What did the queen mother die of?
Prince Philip has died at the age of 99
He always seemed to have fallen out of time, and sometimes he fell out of the protocol. The German Philip at the court of the Windsors - officially the Duke of Edinburgh - accompanied the British royals for decades "politically incorrect". What gave rise to criticism for some was beneficial for others.
"The Hun" was what Queen Mum, his mother-in-law, dubbed him over and over again at the beginning - and not just for joke. Two years after the end of World War II, the marriage of Philip of German descent to Elizabeth, who later became Queen, in 1947 was considered extremely sensitive for the British royal family.
Best supporting role
Formally, Philip was a Danish and a Greek prince, but also a German. One whose compatriots had dropped bombs on Westminster Abbey, the church where he married Elizabeth on November 20, 1947. He, the prince without land or home. But according to Elizabeth a gentleman.
Wedding couple Elizabeth and Philip (1947): Extremely sensitive for the royal family
Prince Philip has found and occupied the small niches that strict protocol - as a husband always one step behind the Queen - allowed him. It wasn't just humor that he used to fill what was probably the most important supporting role that marriage had given him. He let it crack sometimes too. Especially verbally.
He greeted Federal Chancellor Helmut Kohl at the 1997 Hanover Fair with the words: "Good afternoon, Mr. Reich Chancellor." This is also guaranteed: He shouldn't drive so fast, a co-driver once warned him from the back seat of the royal limousine. If she criticized his driving style again, he would stop and she could walk home, said Philip. After that there was silence. It was the Queen who let herself be disgraced like that.
To endure fate with irony
But he also mastered the fine irony. "My wife has a PhD in philosophy, she is much more important than me," a man in Australia told him. "We have the problem in our family too," countered Philip smugly.
With targeted little sarcasms, he was able to upgrade his modest supporting role at court again and again. As the unofficial "King of Comedy" he was always applauded and boos. As with the calculated provocation on a state visit to Paraguay under dictator Alfredo Stroessner. He had provoked him with the sottise that he would like to be back in a country where the people do not have the say. The subtle political joke, also a hobby of the prince.
The British Royal Family (1954): Small niches in strict protocol
But Philip also had to put up with a lot. As half a German, he could not count on a leap of faith. When he set up a scholarship program for young people in 1956, the then British Education Minister David Eccles contacted him with the evil words: "I hear you want to start a Hitler Youth."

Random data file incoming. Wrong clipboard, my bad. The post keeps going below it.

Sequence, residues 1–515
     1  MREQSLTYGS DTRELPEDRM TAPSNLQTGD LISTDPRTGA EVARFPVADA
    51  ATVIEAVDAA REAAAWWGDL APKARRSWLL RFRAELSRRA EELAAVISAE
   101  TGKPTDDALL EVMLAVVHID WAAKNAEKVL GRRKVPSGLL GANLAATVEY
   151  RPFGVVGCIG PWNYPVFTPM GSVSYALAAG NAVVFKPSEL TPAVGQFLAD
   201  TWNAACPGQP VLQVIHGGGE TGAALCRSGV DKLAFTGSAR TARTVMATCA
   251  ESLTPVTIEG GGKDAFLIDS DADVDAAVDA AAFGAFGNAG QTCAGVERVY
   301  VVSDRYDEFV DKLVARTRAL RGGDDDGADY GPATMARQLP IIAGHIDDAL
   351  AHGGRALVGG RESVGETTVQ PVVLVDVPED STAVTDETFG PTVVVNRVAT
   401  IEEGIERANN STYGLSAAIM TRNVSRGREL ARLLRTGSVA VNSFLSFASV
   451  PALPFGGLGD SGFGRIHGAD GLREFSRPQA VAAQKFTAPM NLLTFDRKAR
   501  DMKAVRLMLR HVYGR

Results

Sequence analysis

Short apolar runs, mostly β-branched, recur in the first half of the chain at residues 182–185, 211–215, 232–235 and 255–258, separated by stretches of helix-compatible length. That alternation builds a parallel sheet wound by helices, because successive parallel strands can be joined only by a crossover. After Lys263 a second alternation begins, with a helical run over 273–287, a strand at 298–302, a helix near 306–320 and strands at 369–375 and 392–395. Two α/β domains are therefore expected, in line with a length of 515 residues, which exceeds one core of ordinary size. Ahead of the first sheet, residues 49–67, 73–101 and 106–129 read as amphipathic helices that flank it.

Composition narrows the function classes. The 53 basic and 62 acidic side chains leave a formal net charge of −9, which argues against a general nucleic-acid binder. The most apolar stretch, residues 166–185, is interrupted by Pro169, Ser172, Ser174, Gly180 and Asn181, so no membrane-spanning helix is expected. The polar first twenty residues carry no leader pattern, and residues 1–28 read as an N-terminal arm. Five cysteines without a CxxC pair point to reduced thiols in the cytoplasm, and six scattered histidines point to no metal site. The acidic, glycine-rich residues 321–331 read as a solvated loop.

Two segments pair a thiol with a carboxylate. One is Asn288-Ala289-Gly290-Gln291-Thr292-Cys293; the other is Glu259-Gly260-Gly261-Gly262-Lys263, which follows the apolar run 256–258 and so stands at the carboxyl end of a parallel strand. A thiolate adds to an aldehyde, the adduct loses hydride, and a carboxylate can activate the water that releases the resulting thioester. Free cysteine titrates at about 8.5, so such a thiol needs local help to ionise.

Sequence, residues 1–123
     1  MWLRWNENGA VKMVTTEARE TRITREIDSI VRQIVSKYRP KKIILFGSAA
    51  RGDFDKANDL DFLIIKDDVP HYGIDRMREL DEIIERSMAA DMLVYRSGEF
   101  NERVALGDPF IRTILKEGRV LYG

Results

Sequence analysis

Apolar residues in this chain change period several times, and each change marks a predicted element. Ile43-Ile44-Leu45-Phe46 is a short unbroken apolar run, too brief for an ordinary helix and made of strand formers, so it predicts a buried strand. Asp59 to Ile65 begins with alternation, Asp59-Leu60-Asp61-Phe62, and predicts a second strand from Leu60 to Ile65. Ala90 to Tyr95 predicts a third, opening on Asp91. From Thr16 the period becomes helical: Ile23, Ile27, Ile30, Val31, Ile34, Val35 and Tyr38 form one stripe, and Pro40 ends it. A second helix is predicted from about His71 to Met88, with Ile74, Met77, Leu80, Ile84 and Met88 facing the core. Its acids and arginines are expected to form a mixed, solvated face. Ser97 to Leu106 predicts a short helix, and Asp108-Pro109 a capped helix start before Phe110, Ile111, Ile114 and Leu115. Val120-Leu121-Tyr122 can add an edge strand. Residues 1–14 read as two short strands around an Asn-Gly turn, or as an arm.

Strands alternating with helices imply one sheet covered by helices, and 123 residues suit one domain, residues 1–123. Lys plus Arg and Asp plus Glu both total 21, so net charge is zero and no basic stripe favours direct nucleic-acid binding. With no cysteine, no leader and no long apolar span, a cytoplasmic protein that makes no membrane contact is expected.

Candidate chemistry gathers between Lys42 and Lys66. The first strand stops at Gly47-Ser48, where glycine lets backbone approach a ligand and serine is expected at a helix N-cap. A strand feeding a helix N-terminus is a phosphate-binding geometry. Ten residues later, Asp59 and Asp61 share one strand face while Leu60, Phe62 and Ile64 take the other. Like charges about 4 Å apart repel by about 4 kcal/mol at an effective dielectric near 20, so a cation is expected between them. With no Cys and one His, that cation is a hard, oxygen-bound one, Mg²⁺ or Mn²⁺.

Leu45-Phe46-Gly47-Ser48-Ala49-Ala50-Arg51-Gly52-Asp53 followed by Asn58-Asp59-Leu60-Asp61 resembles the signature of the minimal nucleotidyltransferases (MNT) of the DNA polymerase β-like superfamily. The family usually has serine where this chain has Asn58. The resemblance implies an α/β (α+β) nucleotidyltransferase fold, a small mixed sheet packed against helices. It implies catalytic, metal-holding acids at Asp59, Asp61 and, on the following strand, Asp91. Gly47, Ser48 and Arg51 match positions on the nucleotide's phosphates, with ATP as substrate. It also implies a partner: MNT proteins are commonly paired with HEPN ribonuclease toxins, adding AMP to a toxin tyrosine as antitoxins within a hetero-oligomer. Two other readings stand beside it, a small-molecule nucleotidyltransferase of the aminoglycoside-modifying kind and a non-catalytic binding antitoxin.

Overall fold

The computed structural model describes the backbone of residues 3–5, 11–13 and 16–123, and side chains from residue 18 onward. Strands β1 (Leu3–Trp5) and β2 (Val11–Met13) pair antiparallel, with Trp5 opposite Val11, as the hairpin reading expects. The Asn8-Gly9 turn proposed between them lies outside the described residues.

The mixture of exemplary attitude and loose mouth was his trademark. As a royal, he set new standards and provided the British royal family with a high level of entertainment. For many, a pleasant contrast to the perfectly shaped queen, who embodies duty and reticence.
At home in Europe and yet homeless
His pre-royal life was also unusual. Born in Corfu in 1921 as the "Prince of Greece and Denmark", he had to leave the country as a toddler because of the Turkish-Greek war. His noble family broke up in exile in Paris. The father lived from then on with a lover in Cannes, the mother Alice von Battenberg, a great-granddaughter of Queen Victoria, spent the rest of her life in sanatoriums. His four older sisters all married German princes. It was the mother's British relatives who took care of Philip.
They sent him to the best European boarding schools. The royal family historian Andrew Marr summed up the personality of Philips: renouncing self-pity, believing in the factual, provocative angularity, a well-hidden intellectuality and a love of nature.
So equipped, he started his brief British naval career without being a British citizen. At 18 he met Elizabeth, who was five years his junior, and they stayed in touch throughout the war. As early as 1946 he asked for her hand. His German, mostly Nazi relatives, were not wanted at the wedding.
Real scandals from married life either did not exist or they perished in the discretionary web of the court. However, Philips' rhetorical question is documented: "How can I ever be unfaithful to the Queen?" To give the answer yourself right away. "You could never defend yourself with the same coin."
Their life together was always built on regular separations, said the royal historian Robert Lacey. This supposedly included separate bedrooms at an early stage.
Elizabeth and Philip (2018): "You can also go home on foot"
What Philip shared passionately with the Queen was a love of horses. He couldn't do much with Elizabeth's corgis and commented on her pack of dogs accordingly.
Master of calculated provocation
Prince Philips' role was not an easy one. He felt like an amoeba, he confessed in the first years of marriage, when Elizabeth forbade him, for reasons of state, to give his children his family name Mountbatten. Nevertheless, he was always considered the head of the clan. She ruled the empire, he was head of the "Windsor Company".
In 2017, at the age of 96, he finally "retired" and handed over many official duties to the younger royals. "I think I did my part, so I want to have a little fun now," he said shortly after announcing his resignation. Over the decades he had made 637 overseas visits alone, made nearly 5,500 speeches, and served as patron, president or member of more than 780 organizations.
Now Prince Philip has died in Windsor at the age of 99, as announced by Buckingham Palace. With his death, the British monarchy not only lost the longest-serving husband in the history of the United Kingdom, but above all one of its greatest sympathizers.
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